Parents can put several measures in place to ensure that their children properly handle wealth if it comes to them at a young age. These steps give you the peace of mind that your children won’t squander their inheritance prematurely.
Build incentives and flexibility into a trust
One such measure is creation of an incentive trust that rewards children for doing things that they might not otherwise consider. Such a trust can be an effective estate planning tool, but there’s a fine line between encouraging positive behavior and controlling your children’s life choices.
Incentives can be valuable if the trust is flexible enough to allow a child to chart his or her own course. A so-called “principle trust,” for example, gives the trustee discretion to make distributions based on certain guiding principles or values without limiting beneficiaries to narrowly defined goals.
Consider distribution amounts and timing
Many parents take an all-or-nothing approach when it comes to the timing and amounts of distributions to their children, either transferring substantial amounts of wealth all at once or making gifts that are too small to provide meaningful lessons.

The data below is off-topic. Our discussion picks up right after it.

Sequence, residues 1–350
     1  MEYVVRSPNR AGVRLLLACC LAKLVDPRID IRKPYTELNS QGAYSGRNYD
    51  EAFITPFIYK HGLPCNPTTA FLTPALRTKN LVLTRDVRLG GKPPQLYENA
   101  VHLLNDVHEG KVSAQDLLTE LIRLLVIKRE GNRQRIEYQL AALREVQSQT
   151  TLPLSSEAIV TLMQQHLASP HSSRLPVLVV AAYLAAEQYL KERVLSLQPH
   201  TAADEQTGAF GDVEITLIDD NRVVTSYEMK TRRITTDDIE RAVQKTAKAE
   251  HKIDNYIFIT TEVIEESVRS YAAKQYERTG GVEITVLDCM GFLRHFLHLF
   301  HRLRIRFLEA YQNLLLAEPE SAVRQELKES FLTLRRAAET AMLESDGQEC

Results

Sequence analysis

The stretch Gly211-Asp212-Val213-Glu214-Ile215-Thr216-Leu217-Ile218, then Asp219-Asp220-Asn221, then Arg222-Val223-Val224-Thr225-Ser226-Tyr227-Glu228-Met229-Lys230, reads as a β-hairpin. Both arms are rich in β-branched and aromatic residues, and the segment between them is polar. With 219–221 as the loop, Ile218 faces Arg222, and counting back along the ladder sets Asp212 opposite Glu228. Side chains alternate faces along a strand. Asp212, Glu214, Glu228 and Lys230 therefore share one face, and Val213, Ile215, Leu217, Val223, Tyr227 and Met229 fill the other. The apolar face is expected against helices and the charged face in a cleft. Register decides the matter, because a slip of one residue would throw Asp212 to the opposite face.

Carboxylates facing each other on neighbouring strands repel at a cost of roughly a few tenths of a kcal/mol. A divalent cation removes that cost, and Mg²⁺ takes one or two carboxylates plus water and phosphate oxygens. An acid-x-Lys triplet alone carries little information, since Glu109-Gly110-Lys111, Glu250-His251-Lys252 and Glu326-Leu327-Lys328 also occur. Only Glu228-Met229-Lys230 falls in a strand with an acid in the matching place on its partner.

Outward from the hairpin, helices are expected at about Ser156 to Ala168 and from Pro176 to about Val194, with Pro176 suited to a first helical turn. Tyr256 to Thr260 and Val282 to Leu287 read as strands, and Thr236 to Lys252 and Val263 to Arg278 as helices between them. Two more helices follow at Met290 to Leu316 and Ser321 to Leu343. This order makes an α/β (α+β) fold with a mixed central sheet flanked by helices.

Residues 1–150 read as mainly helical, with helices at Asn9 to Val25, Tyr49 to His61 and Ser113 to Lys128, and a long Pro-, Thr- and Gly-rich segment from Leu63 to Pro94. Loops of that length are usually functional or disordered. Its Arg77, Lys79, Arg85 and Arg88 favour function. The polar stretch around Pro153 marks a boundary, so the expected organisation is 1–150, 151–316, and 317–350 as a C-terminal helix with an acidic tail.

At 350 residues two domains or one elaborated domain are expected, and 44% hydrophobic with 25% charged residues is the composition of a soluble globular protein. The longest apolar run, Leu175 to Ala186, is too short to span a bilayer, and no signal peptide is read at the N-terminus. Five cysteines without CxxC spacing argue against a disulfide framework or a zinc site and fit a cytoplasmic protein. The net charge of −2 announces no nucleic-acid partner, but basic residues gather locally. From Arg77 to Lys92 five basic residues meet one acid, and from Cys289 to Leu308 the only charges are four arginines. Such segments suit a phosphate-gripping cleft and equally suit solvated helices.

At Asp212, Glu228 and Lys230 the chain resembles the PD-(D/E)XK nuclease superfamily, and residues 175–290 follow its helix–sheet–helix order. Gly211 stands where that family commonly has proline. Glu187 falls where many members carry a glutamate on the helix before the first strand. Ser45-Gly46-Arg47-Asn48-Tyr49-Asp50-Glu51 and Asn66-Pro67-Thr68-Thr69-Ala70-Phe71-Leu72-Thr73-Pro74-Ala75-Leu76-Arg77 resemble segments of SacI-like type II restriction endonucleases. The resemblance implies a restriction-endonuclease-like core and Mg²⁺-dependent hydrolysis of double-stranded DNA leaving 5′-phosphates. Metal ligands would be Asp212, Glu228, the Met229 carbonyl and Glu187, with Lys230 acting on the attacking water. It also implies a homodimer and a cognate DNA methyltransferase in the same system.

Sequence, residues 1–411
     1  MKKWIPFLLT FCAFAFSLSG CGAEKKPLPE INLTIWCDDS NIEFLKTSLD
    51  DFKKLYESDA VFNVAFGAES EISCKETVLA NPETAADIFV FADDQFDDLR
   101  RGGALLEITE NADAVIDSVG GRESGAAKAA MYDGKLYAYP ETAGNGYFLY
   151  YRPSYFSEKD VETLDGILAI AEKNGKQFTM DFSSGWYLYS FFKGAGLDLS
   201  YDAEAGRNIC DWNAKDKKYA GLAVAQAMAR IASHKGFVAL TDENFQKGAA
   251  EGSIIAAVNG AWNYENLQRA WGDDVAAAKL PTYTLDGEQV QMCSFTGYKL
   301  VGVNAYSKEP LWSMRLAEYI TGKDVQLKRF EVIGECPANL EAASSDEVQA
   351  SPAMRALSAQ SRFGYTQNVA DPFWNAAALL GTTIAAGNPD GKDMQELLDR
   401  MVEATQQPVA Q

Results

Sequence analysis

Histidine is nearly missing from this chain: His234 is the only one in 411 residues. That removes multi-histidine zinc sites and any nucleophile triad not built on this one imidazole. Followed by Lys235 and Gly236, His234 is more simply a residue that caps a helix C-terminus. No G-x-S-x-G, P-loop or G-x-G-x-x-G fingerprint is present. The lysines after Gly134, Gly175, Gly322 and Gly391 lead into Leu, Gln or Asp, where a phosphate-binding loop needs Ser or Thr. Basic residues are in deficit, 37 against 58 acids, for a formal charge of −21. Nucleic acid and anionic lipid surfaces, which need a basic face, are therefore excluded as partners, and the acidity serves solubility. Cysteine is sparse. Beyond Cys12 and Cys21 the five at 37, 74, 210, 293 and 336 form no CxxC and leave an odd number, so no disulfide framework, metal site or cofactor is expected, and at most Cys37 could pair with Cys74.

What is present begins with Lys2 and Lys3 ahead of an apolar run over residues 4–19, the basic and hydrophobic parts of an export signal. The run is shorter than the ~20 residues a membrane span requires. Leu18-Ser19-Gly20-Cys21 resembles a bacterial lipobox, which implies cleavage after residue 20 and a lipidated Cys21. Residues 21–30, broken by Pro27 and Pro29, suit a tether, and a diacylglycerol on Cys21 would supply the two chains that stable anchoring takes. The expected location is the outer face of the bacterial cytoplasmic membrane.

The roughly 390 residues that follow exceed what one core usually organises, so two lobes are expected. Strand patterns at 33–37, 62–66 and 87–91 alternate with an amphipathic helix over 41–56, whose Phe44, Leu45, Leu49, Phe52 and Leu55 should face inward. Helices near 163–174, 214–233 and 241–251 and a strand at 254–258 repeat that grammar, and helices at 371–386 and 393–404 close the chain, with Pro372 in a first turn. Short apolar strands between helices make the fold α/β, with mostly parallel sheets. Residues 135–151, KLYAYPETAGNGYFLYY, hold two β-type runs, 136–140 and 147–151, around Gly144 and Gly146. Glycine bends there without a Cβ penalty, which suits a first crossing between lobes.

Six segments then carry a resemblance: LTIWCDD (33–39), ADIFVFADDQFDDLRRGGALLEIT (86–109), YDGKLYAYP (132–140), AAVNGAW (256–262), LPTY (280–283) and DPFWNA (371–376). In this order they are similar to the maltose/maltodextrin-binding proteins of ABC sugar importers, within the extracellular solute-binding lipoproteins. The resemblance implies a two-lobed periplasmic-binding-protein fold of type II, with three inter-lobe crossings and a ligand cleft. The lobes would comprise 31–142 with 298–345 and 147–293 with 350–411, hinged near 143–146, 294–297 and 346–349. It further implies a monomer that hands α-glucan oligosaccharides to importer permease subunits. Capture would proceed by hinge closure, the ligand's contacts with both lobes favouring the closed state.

Consider making distributions large enough so that your children have something significant to lose, but not so large that their entire inheritance is at risk. For example, if your child’s trust is worth $2 million, consider having the trust distribute $200,000 when your son or daughter turns 21. This amount is large enough to provide a meaningful test run of your child’s financial responsibility while safeguarding the bulk of the nest egg.
Make your legacy last
If you plan on leaving a sizable amount of your estate to your children, consider incentive trusts and scheduled distributions. Contact me at SDitman@berdonllp.com or your Berdon advisor to learn additional strategies that will help prepare your children for their inheritance.
Scott T. Ditman, a tax partner and Chair, Personal Wealth Services at Berdon LLP, New York Accountants, advises high net worth individuals and family/owner-managed business clients on building, preserving, and transferring wealth, estate and income tax issues, and succession and financial planning.